D.C.'s Eastern Market to Reopen in Temporary Home
Friday, August 24, 2007
Maria Calomiris had worked as a fruit and vegetable vendor at Eastern Market for 44 years, until the Capitol Hill institution was badly damaged in an early morning fire in late April. When she heard the news, she was devastated.
"I thought we'd be on the streets forever," she said yesterday.
Calomiris, 68, was wrong. Yesterday, she and 13 fellow vendors stood in a massive white reinforced tent -- complete with new stoves, refrigerators, scales and cash registers -- that will be their home for two years, until the $25 million renovation of the market is completed.
The temporary Eastern Market will open for business tomorrow, Mayor Adrian M. Fenty (D) said at a news conference at the site, which is next to Hine Junior High School, across Seventh Street SE from the singed market building. Of the 15 tenants who were in the south hall of the market the day it burned, all but one has agreed to move into the new quarters.
Seven have signed leases with the D.C. government, City Administrator Dan Tangherlini said, and the other seven are expected to complete their deals by the weekend.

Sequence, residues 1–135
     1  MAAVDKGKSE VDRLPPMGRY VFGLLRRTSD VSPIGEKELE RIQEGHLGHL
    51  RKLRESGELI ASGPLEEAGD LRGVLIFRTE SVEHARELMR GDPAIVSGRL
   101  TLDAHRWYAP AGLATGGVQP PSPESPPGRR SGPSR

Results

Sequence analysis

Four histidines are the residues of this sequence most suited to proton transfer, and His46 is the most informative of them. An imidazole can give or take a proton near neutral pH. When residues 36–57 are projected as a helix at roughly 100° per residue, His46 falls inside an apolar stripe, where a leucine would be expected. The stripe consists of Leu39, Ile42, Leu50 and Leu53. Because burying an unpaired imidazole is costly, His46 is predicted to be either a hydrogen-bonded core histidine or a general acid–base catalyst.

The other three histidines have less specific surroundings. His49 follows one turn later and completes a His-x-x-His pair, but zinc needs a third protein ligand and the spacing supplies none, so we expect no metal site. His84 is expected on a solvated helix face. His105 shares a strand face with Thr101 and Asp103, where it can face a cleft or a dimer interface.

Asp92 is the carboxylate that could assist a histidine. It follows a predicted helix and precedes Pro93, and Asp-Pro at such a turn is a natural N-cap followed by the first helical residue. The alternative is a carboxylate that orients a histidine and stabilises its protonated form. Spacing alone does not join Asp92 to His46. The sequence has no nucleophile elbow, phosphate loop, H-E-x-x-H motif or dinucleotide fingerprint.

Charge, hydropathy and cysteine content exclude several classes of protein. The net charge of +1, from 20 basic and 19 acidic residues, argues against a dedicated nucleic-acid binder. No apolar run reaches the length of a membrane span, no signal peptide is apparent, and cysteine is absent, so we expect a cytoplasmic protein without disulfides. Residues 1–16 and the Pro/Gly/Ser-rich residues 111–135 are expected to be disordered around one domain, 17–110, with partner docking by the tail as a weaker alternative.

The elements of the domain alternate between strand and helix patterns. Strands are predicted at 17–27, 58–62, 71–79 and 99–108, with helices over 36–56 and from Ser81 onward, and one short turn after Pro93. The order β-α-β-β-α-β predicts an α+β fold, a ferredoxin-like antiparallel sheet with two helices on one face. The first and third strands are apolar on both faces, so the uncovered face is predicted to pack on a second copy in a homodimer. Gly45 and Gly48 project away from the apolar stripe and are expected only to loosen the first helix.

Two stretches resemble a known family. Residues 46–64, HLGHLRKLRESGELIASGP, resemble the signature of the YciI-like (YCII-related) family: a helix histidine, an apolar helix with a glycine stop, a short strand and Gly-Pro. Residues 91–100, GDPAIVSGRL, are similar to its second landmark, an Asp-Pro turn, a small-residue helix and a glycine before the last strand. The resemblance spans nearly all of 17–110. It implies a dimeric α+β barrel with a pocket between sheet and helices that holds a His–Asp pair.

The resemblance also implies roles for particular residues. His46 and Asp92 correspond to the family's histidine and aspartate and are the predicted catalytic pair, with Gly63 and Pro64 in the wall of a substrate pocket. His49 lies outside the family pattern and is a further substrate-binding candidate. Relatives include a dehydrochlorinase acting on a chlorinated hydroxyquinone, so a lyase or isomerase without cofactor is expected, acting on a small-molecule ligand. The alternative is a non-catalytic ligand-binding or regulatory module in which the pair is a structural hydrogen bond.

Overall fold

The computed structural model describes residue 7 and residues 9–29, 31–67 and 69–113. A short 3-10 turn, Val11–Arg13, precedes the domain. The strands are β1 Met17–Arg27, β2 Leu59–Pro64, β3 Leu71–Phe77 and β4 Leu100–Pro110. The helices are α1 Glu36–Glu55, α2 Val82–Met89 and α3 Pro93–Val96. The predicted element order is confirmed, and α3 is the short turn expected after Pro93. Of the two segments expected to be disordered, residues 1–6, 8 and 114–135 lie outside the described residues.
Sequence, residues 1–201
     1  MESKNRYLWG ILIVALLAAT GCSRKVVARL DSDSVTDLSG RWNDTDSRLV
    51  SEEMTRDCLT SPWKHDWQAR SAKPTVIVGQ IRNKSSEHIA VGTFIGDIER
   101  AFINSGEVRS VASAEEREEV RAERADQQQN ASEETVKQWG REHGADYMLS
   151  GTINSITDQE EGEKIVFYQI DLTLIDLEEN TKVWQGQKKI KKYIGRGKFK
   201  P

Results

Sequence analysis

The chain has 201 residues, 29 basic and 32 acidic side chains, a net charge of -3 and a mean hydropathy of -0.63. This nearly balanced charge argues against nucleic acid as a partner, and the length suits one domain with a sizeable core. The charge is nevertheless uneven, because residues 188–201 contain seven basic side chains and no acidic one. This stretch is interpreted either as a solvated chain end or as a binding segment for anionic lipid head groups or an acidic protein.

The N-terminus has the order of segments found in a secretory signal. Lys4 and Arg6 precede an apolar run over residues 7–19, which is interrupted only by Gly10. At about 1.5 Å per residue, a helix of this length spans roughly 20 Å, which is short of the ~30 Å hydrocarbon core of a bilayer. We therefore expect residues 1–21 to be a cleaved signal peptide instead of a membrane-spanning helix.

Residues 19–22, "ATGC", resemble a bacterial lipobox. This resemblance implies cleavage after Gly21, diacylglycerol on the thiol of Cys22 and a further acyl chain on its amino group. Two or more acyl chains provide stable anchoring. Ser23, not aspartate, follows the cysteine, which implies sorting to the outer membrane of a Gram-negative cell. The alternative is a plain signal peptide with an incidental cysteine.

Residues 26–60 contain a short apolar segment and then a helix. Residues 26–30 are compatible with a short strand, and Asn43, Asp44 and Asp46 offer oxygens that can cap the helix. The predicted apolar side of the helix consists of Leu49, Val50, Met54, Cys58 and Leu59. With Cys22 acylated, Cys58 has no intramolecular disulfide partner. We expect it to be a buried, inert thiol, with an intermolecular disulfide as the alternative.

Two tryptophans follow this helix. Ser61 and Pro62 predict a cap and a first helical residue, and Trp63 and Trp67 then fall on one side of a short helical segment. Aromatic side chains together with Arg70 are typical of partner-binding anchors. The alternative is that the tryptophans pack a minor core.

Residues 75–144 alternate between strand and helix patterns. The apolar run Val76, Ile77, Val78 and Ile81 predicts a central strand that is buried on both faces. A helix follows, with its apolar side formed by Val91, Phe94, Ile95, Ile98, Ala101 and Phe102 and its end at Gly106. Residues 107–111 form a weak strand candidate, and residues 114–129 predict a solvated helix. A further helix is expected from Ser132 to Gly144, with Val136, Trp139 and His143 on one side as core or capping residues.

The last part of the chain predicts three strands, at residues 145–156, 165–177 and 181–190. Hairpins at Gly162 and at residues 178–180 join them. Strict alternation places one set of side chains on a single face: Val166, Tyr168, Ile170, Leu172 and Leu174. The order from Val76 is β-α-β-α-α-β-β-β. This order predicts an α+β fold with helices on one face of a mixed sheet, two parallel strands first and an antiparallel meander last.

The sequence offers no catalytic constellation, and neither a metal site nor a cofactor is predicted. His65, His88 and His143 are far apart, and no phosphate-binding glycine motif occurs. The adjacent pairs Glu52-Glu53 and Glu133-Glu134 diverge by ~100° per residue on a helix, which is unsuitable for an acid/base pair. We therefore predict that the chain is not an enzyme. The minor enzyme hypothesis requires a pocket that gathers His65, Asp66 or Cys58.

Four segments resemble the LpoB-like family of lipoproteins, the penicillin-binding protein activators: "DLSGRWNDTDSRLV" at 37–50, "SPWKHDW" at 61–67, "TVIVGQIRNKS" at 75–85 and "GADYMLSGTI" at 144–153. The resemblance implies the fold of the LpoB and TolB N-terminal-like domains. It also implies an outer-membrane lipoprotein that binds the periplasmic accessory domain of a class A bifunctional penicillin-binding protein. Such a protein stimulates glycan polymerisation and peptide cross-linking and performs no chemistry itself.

As part of the $25 million renovation project, the city paid $1.5 million to open the site, including $1 million in equipment that will be rented by the vendors and transferred to the market building when the repairs are finished, Tangherlini said.
After the mayor spoke yesterday, the vendors surrounded him. Calomiris put her arm around his waist. Juan Jose Canales, a deli owner, grabbed Fenty's hand with both of his and thanked him, emotion evident in his voice.
"Thanks from my family, from my 2 1/2 -year-old grandson and my two daughters," Canales said. Then he hugged the mayor.
"This is the most beautiful day in my life," said Canales, 57, who lives in Wheaton. "This mayor committed himself to restoring the market and getting our lives back together."
As he spoke, Canales was surrounded by workers installing the final pieces of equipment in the tent. Green-and-yellow banners for the vendors hung from the ceiling, with heating and air-conditioning units running along the walls. Tangherlini said those appliances will be transferred to the restored building in 2009.
By day's end, all that was left was to bring in the fish, meats, flowers and fruits -- and the customers.
Canales said that after the fire, "I thought that was the end of Eastern Market. But the mayor was here at six in the morning, and he committed to rebuild and restore our lives. In less than four months, it's happened. It's a miracle."